There was much discussion about what the impact would be of a December election. How would the public feel about heading to the polling station on a cold and rainy Thursday? How would the local party faithful feel about knocking on doors after dark? And would it mean school nativity plays are cancelled up and down the country? But there might be one silver lining, as highlighted by National Energy Actions CEO, Adam Scorer, at our recent Breakfast Briefing on energy efficiency – that for once perspective future Members of Parliament would be getting an insight into what fuel poverty, and living in cold homes means for many of the population as they went around asking for our votes.
Towards a secure and sustainable low-cost energy future
This General Election maybe being viewed as a ‘Brexit Election’ but I doubt any of us 2 years ago could have predicted that climate change, the environment and net-zero would have been a top priority for the electorate behind Brexit, health and crime.
A week before the election officially kicked off, Energy UK published its own industry manifesto ‘Towards a secure and sustainable low-cost energy future’. The industry manifesto calls for actions on 4 priorities for the next Government in meeting net-zero at the lowest cost to customers.
- Increase low carbon generation
- Decarbonise our homes, businesses and transport
- Boost energy efficiency; and
- Ensure a fair transition
The strength of this manifesto was that it looked across the whole of the energy industry and joined up policies that would be a win for achieving net-zero and for customers. For example, calling for increased investment in low-carbon technology (such as onshore wind) and the knock-on benefit that that would have on keeping the cost down for customers.
We also highlighted the essential role that private investment has played in the UK becoming a world leader in decarbonising our economy and power sector.
Net-zero a priority
We now have all the major parties’ manifestos, and as I read each one, I got more encouraged by their focus on net-zero. Delivering a net-zero carbon economy is a priority for all major political parties and this means without doubt, whoever wins the election they will have a mandate to deliver an improved environment, and to tackle climate change. The other thing I was struck by was that all the parties had the same outcome, with the same broad ideas of policies (energy efficiency, increase in renewables, and benefit from electric vehicles (EVS)). Often the only thing that divided them was the journey to get there, the level of ambition, and the amount of spending.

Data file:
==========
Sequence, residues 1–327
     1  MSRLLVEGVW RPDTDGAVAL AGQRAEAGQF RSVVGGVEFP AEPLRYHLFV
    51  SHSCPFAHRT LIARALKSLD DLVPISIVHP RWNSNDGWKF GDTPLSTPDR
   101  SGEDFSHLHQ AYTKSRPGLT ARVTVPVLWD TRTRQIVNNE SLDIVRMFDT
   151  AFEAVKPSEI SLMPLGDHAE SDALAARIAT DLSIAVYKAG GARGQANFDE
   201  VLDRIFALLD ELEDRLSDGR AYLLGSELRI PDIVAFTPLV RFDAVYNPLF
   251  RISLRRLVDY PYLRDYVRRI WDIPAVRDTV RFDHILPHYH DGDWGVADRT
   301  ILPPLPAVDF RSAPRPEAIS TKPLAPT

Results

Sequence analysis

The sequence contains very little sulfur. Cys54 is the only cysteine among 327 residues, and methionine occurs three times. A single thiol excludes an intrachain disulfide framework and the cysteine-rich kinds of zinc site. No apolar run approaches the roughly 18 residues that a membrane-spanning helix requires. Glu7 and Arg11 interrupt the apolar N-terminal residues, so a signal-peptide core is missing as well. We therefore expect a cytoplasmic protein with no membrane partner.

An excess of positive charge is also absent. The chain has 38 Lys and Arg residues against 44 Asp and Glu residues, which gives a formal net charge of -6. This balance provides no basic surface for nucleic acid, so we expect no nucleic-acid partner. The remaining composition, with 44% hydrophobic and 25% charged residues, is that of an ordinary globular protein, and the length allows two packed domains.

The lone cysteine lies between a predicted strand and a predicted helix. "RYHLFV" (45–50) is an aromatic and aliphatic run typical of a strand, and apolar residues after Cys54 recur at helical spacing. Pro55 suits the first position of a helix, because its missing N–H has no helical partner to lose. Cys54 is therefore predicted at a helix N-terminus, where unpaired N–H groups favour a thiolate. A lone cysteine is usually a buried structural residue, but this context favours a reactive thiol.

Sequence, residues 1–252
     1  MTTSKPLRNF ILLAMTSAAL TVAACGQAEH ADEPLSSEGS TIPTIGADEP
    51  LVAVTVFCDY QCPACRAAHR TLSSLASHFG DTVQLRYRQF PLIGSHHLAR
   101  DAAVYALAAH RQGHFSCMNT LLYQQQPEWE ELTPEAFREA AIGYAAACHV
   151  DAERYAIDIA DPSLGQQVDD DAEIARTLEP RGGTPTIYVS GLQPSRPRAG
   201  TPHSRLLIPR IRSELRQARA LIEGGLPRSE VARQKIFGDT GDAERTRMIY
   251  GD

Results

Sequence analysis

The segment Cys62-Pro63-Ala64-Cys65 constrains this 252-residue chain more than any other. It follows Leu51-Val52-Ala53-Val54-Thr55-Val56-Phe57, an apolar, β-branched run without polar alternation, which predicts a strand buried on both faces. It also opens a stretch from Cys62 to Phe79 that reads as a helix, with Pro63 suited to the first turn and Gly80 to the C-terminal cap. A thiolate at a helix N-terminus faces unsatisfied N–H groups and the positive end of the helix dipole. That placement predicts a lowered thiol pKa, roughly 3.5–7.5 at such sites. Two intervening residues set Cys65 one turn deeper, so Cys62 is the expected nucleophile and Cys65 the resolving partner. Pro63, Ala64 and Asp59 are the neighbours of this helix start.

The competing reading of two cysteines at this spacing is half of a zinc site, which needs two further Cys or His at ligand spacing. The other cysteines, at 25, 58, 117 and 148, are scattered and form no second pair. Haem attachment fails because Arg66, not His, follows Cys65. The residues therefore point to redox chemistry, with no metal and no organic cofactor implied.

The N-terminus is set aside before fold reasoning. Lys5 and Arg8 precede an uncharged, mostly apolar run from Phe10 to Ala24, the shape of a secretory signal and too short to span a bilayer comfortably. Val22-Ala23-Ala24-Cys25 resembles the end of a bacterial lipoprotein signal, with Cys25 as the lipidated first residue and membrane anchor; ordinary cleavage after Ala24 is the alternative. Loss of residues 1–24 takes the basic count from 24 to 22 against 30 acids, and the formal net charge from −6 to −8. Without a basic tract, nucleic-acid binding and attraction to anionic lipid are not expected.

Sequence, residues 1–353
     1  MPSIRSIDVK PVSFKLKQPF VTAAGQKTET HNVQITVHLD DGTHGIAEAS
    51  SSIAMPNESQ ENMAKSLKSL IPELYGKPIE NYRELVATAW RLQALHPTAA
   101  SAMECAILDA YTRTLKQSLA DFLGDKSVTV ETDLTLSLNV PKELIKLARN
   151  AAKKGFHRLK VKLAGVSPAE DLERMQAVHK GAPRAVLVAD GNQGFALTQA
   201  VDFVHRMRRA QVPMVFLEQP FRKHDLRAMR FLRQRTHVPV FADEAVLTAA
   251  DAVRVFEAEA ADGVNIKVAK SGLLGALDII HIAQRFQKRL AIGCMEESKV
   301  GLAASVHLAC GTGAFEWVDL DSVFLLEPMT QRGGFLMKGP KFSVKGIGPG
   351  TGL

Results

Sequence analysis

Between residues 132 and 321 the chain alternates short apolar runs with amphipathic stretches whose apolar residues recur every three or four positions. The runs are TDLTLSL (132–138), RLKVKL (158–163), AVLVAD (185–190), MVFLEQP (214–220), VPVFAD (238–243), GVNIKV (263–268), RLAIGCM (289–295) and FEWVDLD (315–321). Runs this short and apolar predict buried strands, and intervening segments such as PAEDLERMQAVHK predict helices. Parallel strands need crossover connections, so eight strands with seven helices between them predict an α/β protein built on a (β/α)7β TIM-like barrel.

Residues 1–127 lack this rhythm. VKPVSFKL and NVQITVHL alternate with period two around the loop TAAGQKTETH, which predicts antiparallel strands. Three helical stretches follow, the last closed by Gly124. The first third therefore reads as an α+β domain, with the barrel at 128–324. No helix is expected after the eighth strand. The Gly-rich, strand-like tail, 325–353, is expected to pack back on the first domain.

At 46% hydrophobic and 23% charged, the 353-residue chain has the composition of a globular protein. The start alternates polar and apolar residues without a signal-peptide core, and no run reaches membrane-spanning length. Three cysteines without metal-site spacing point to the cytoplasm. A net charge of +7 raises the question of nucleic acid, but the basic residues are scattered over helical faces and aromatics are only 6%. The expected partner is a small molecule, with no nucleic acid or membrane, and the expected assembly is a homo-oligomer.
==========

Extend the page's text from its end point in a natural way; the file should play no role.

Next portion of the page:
Energy Efficiency, tightening building standards and decarbonising heating
Energy efficiency was a key theme in all the manifestos- at last energy efficiency is being seen as a vote winner! Whether it was Labour’s plans for investing in improving the energy efficiency of millions of existing homes, the Conservative’s plan to invest £9.2bn to improve the energy efficiency of our homes, schools and businesses or the Scottish National Party’s (SNP) reducing VAT on energy efficiency improvements – something that would likely help to create an able to pay market in energy efficiency. All these ideas matched well with our industry manifesto. Let us not forget energy efficiency helps reduce our carbon emissions, keeps people in warmer homes, reduces illness and keeps customers’ bills down - win, win, win and win!